On many occasions we have observed that cats in ancient Egypt, specifically in the New Kingdom (1550-1069 BC), were animals venerated by the inhabitants themselves.
This arises for two reasons: the first, due to the worship of the gods. The second, the cat as a domestic animal, both connected to each other.
Starting with the first, we find the gods Ra and Bastet. In the ancient Egyptian religion, Bastet is the personification of the warm rays of the sun.
She is represented as a woman with a cat’s head or an entire cat and defended Ra, god of the Sun, against the attacks of the Apophis snake.
A very clear example of this scene is found in the tomb of Inherkhau. It is necessary to mention that also Ra, in some old myths, adopted the form of cat to descend to earth.
In the New Kingdom, the cat was considered an incarnation of the Sun god and the manifestation of the goddess Bastet. The ancient Egyptians sought to seek the happiness of the goddess, who symbolized the power of the sun, the protection of the home and the joy of living.
This brings us to the second reason, what did the cats in ancient Egypt do?
It is believed that domestication began during the 3rd millennium B C. The cat became a companion animal appreciated for its sweetness, charm, its mysterious behavior, and above all, for being protective of the home.
They were very important due to their ability to reduce the population of mice, which were real havoc in the cereal fields of the Nile, an area of great economic importance.
In addition, cats in ancient Egypt kept the houses clean because when hunting rats and snakes, a carrier of serious diseases was eliminated, as the plague and the surroundings of nearby homes were safer.
The cat achieved an importance that was increasing over the years, both religiously and socially. In the New Kingdom, the cat is trained to take it to bird hunting.
The ancient Egyptians had great respect for their cats’ lives. The members of the family held a funeral when their cat died. They shaved their eyebrows as a sign of affliction and mourning, and if they had the necessary resources, the cat was embalmed in a special sarcophagus.
The cat was transported to the city of Bubastis, to be buried with solemnity and figures in the shape of a cat were placed as an offering to obtain the favor of the goddess Bastet.
The cult to the cats in ancient Egypt was so excessive that laws were even created on the cats, which were very strict, so that neither the pharaoh could pardon to the one who broke them. This can be seen in texts by some Greek historians.
Diodorus Siculus tells how the crowd of Alexandria was launched against a Roman citizen who had accidentally killed a cat and asked for the death penalty for him.
Herodotus explains anecdotes in case of fire and the laws applied to cats:
“When a fire is declared, it’s amazing what happens with cats, people stay at a certain distance taking care of the cats and without worrying in the least to put out the fire, but the cats slip through the crowd or jump over their heads and rush into the fire, and when this happens, the Egyptians get very sorry”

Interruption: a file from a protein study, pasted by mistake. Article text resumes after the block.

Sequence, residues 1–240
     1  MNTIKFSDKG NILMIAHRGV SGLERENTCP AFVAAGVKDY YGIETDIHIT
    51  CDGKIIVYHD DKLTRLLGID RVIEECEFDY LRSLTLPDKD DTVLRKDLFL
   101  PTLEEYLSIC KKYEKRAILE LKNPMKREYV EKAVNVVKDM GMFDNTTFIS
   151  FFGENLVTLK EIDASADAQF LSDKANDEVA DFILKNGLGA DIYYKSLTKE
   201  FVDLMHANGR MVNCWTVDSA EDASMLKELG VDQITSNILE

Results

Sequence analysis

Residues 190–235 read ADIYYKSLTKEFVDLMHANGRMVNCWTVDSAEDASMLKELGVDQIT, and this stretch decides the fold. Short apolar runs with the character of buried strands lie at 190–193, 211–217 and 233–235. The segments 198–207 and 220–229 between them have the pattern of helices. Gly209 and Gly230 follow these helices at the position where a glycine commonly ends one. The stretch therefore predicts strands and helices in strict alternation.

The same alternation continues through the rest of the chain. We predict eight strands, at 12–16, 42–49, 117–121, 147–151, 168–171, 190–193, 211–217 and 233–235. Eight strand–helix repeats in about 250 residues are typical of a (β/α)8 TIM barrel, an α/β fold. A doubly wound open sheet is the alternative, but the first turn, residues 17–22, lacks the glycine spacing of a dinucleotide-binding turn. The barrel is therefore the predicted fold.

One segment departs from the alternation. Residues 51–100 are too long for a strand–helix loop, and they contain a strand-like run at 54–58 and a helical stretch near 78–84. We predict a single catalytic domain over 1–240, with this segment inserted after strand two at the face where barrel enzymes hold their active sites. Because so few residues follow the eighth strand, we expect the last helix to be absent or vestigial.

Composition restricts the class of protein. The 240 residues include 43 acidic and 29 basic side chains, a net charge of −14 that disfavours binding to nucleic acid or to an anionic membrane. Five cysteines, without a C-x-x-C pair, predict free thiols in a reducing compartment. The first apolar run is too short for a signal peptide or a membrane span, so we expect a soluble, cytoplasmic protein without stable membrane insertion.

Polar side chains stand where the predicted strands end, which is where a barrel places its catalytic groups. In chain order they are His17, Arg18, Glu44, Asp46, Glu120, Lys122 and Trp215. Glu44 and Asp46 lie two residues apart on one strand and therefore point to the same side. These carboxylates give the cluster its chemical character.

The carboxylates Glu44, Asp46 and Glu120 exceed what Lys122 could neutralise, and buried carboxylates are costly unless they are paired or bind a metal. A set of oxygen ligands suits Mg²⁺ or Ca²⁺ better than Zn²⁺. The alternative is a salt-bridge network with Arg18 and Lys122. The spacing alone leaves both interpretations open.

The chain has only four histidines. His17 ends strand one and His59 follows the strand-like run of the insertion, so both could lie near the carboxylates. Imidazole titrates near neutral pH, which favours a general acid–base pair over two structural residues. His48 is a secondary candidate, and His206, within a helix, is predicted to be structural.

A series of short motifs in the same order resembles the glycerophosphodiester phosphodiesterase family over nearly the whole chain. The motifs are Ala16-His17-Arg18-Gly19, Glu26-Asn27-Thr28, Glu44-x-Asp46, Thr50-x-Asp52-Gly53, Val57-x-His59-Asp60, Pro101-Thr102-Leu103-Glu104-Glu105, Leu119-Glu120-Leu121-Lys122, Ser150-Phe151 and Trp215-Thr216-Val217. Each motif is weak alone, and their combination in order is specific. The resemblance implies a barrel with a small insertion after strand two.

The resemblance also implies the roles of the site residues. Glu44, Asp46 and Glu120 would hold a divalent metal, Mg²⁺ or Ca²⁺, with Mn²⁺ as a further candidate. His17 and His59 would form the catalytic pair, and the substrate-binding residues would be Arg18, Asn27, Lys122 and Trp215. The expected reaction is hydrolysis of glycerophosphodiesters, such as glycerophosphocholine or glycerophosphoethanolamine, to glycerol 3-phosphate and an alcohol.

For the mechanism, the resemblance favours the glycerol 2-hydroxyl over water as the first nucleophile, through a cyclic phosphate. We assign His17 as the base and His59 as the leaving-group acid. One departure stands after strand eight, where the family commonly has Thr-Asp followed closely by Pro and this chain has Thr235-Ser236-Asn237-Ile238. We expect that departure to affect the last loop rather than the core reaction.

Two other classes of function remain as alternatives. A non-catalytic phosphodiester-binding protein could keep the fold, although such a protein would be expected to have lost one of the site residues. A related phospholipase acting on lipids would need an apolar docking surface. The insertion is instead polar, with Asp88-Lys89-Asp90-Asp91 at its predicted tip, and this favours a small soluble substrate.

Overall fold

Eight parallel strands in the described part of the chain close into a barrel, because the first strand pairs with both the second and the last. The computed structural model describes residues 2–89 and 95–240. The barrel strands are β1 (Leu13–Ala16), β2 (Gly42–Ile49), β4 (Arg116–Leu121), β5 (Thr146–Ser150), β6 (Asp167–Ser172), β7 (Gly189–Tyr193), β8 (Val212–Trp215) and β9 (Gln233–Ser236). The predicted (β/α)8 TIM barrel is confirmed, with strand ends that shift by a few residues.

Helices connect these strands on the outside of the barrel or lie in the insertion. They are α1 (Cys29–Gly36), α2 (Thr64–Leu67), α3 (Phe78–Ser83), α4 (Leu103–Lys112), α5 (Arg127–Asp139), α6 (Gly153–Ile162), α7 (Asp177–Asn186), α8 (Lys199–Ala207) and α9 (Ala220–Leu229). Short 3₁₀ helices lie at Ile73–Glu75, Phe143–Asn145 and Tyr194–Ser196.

“If someone voluntarily kills one of these animals, he is condemned to death and if he does so involuntarily, he pays a fine fixed in each case by the priests …”
Ctesias speaks of the Battle of Pelusium (525 BC), in which the Persian king Cambyses II and the pharaoh of Egypt, Psametik III, fought. It is said that the Persians devised a stratagem to defeat using on their shields representations of the goddess Bastet and capturing cats to release them during the battle and make the Egyptians fight carefully so as not to harm the cats.
After the battle, the Egyptians took refuge in Pelusio. When they besieged the city, Cambyses II continued to use the felines in his favor. The soldiers threw the cats towards the fortress and forced the Egyptian archers to shoot with caution.
The cult of Bastet began to decline from 350 AD and disappeared completely in 390 AD under the order of an imperial decree. There are, however, many mural paintings that relate the different stages of cat life in ancient Egyptian society.
In 1890 in the Egyptian village of Tell-Basta, the ancient Bubastis, archaeologists discovered an ancient cemetery in which three hundred thousand mummies of mummified cats were counted and placed each in a small coffin that represented the shape of the animal.
Apparently, the priests got to mount a lucrative business around the sale of mummified cats, since many inhabitants considered an honor to be buried next to mummified cats, even the pharaohs.
Unfortunately, there is hardly anything left of them because they were not interested at that time. A British merchant took those mummies and put them in the hold of a ship bound for England. He crushed them and sold them as fertilizer to farmers in the port of Liverpool. Only a few were saved from that.